On the importance of Arnie Graf 

One of the key figures behind Miliband’s ambition to make Labour a “movement” is Arnie Graf, the godfather of community organising and a mentor of the young Barack Obama, who was appointed by Labour to train activists in the campaigning methods he pioneered in Chicago. But the American is not universally admired in the party, with some recently raising questions over his immigration status (via a story in the Sun) in an attempt to damage his position (and that of one of his allies, Labour general secretary Ian MacNicol). Miliband, however, was fulsome in his praise for Graf:

The really interesting thing about Arnie is, if you go round and talk to our organisers and our candidates, they are the people who’ve had the most exposure to him and who are the most positive about the role he’s playing. They say ‘he opened my eyes to doing politics in a different way’, to reaching out to people, to the way we make policy, to the way we engage people, to not just being seven people in a drizzle, but expanding our base, all of that. I think he’s got a very important role to play and I think he’s a great influence.

He ended by telling me: "The key thing about this is it’s about people from every walk of life: working people, ambulance drivers, NHS workers, flood workers, engineers, shop workers, entrepreneurs, small business people, who can be registered supporters and part of this, it’s about an expanding party and I think there’s a big, big contrast between us as an expanding party and the Tories a party, increasingly, of a narrow elite and of a smaller number of people."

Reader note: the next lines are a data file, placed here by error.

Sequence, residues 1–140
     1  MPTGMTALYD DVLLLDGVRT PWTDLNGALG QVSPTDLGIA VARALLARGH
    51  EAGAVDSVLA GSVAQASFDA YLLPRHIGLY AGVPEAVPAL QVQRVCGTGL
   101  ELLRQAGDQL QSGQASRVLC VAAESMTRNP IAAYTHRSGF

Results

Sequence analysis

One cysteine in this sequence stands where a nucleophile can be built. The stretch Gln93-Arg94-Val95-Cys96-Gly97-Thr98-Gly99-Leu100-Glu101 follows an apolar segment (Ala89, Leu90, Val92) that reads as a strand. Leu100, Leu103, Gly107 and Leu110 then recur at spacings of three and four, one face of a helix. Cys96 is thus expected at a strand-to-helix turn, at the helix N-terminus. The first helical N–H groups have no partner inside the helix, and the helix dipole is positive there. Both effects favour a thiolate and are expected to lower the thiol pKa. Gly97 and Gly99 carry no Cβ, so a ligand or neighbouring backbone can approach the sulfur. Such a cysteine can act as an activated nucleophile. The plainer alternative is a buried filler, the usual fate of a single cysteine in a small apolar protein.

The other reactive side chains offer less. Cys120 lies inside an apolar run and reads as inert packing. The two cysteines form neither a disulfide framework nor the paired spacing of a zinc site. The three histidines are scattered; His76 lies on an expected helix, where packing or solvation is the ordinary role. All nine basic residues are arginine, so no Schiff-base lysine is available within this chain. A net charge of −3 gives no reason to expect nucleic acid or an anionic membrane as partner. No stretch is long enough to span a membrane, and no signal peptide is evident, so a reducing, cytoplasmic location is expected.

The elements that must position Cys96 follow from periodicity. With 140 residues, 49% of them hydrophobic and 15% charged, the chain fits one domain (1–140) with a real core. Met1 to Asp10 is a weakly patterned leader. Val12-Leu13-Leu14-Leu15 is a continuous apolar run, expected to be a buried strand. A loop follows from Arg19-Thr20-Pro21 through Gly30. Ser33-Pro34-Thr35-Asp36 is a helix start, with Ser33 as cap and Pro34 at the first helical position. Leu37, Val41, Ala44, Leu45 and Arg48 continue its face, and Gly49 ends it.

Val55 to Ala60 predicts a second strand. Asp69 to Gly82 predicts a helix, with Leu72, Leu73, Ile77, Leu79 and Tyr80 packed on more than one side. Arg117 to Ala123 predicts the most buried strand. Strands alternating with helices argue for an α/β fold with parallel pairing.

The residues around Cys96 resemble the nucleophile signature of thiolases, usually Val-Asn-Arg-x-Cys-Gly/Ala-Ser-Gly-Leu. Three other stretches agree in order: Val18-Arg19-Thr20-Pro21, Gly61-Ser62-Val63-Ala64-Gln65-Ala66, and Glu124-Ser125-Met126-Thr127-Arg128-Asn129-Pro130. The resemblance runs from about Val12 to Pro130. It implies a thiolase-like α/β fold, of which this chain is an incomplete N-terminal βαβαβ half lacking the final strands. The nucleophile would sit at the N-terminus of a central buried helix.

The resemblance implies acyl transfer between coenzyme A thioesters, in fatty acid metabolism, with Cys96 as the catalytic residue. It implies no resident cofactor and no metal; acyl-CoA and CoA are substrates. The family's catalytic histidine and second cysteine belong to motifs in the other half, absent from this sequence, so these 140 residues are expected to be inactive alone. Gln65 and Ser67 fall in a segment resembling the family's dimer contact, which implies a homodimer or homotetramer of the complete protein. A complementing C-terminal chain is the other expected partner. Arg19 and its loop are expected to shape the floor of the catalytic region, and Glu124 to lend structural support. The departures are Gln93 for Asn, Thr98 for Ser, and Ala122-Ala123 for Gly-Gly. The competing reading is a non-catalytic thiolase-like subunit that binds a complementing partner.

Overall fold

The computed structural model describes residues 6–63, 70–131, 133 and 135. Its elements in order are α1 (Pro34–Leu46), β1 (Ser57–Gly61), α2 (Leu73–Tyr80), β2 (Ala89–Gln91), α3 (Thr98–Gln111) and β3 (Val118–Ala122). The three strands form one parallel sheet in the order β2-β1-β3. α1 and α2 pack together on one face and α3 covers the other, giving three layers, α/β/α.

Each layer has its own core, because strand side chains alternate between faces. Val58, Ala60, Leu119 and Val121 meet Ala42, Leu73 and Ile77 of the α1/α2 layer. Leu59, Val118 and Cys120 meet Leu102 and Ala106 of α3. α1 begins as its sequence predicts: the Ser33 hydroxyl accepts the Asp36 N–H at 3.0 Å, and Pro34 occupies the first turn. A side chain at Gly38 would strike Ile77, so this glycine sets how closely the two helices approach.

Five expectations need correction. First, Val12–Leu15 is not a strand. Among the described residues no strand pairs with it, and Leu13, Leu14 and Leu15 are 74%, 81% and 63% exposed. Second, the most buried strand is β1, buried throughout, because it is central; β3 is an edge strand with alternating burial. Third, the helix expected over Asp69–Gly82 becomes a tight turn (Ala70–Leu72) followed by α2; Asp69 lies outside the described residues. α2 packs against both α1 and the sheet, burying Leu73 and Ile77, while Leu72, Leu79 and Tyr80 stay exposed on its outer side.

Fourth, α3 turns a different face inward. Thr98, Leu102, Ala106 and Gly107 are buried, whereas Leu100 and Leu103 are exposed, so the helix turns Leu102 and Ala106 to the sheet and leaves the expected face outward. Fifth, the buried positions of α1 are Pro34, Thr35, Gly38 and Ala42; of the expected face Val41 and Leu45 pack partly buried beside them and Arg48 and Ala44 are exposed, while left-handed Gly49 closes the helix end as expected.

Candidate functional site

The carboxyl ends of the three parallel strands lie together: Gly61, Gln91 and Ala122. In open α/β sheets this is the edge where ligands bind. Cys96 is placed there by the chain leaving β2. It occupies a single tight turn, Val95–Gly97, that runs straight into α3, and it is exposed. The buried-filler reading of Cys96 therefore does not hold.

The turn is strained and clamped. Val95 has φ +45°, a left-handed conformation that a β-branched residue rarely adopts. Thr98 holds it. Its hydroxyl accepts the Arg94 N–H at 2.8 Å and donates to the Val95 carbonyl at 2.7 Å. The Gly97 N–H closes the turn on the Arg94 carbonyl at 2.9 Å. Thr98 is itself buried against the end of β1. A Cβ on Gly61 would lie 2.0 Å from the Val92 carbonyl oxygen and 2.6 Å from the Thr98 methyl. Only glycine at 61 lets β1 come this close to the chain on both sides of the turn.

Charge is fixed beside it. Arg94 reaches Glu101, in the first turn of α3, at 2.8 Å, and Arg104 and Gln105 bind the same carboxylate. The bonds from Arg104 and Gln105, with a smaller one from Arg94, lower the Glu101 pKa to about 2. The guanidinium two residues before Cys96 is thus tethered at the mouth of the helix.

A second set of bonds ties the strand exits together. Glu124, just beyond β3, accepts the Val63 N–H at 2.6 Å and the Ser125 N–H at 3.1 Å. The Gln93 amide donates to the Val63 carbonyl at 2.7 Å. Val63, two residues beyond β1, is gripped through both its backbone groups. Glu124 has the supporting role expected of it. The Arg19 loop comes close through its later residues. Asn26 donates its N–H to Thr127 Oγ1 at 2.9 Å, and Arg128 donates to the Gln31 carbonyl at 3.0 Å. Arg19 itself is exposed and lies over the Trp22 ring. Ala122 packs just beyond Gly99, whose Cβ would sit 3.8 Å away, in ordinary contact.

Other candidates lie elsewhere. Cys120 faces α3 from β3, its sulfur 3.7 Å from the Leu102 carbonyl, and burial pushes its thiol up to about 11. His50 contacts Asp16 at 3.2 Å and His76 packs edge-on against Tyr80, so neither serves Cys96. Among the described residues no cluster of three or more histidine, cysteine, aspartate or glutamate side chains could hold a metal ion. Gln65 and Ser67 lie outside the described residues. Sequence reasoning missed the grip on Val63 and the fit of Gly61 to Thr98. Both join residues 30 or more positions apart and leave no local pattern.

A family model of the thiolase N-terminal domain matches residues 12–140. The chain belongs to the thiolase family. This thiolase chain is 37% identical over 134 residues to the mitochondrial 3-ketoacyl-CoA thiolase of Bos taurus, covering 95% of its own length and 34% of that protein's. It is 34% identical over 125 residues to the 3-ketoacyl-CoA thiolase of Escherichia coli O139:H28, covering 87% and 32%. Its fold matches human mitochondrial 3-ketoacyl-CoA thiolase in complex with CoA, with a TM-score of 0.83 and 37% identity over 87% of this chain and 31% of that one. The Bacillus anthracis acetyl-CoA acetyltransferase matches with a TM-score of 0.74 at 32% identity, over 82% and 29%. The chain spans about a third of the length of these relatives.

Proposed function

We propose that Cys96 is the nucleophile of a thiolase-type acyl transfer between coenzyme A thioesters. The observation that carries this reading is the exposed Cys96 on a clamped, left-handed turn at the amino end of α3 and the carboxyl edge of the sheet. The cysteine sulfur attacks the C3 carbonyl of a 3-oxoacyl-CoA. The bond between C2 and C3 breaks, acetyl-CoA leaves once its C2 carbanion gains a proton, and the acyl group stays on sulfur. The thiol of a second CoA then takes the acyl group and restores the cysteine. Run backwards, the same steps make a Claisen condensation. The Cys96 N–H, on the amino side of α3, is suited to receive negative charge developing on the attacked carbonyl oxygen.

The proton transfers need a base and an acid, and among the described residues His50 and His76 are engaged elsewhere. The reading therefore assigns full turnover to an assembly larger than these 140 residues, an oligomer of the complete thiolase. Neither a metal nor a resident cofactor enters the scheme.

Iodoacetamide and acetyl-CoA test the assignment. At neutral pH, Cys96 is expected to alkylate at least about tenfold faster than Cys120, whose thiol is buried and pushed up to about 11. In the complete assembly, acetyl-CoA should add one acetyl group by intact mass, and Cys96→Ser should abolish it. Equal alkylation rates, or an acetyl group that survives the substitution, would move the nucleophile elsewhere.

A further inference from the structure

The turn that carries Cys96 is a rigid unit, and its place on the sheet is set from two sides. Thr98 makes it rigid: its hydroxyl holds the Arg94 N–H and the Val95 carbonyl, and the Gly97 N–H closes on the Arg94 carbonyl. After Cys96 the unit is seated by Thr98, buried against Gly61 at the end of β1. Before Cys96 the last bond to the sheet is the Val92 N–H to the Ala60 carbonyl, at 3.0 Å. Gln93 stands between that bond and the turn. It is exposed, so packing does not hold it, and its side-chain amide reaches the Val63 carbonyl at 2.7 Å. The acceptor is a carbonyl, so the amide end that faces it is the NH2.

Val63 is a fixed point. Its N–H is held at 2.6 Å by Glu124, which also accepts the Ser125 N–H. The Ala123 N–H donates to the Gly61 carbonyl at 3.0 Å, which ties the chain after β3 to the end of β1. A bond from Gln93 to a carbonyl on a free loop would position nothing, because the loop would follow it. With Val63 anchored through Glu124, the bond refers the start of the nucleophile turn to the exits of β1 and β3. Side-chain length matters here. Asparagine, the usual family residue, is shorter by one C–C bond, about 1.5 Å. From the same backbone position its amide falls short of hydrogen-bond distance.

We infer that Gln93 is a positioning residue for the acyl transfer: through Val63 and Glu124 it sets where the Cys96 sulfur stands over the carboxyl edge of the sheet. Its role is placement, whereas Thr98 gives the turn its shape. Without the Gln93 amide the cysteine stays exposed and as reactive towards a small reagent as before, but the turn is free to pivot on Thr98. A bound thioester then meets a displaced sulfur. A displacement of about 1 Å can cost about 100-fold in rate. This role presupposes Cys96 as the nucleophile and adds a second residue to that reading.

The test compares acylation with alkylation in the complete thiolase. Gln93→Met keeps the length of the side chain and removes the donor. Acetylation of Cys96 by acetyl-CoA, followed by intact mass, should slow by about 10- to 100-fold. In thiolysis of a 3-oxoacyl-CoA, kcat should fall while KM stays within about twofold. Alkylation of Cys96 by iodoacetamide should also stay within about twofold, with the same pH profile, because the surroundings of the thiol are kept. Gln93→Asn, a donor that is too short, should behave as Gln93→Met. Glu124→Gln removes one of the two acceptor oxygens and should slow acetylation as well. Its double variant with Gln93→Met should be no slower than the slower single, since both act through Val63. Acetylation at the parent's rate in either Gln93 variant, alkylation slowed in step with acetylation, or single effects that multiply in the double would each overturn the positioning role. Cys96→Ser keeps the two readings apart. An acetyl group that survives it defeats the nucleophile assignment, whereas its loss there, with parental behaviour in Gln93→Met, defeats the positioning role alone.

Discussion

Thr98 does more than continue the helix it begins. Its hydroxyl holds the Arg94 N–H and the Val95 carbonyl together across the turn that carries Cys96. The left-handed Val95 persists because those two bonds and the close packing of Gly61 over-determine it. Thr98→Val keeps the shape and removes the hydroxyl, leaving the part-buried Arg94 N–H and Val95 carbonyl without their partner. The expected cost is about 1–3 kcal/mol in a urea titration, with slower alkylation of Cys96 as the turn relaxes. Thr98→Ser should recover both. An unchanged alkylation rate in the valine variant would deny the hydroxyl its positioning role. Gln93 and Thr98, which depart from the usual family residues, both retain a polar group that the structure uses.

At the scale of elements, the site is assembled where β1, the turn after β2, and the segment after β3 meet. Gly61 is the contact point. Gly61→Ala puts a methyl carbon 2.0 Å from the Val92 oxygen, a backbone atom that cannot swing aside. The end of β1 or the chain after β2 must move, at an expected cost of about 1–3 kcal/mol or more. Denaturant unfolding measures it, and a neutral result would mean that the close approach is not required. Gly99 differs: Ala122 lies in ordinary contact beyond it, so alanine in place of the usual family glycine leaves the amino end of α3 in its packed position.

On electoral reform: "not the answer to disengagement"

One other answer worth noting, from the Q&A with members, was on electoral reform. Miliband was asked about the possibility of Labour supporting proportional representation and replied that "electoral reform is not the answer to disengagement with politics". He also noted the decisive result of the AV referendum and that the issue had divided Labour.

Expect the desirability, or not, of electoral reform to be one of the main dividing lines between Labour and the Lib Dems at the election. 

George Eaton is political editor of the New Statesman.

Show Hide image

Can Trident be hacked?

A former defence secretary has warned that Trident is vulnerable to cyber attacks. Is it?

What if, in the event of a destructive nuclear war, the prime minister goes to press the red button and it just doesn't work? 

This was the question raised by Des Browne, a former defence secretary, in an interview witht the Guardian this week. His argument, based on a report from the defence science board of the US Department of Defense, is that the UK's Trident nuclear weapons could be vulnerable to cyberattacks, and therefore rendered useless if hacked. 

Browne called for an "end-to-end" assessment of the system's cybersecurity: